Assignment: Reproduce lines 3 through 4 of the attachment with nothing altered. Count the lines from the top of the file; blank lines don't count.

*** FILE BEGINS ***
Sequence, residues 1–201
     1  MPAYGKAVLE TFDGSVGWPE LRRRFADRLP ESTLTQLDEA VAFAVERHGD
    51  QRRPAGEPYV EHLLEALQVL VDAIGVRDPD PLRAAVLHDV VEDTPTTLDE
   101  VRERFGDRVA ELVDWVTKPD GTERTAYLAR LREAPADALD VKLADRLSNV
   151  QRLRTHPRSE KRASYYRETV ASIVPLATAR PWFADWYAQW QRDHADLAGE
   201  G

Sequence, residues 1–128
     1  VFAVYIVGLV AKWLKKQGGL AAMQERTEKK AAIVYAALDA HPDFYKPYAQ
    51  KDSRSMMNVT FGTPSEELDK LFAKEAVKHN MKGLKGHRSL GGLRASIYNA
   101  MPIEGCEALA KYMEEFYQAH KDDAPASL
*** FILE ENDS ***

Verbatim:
    51  QRRPAGEPYV EHLLEALQVL VDAIGVRDPD PLRAAVLHDV VEDTPTTLDE
   101  VRERFGDRVA ELVDWVTKPD GTERTAYLAR LREAPADALD VKLADRLSNV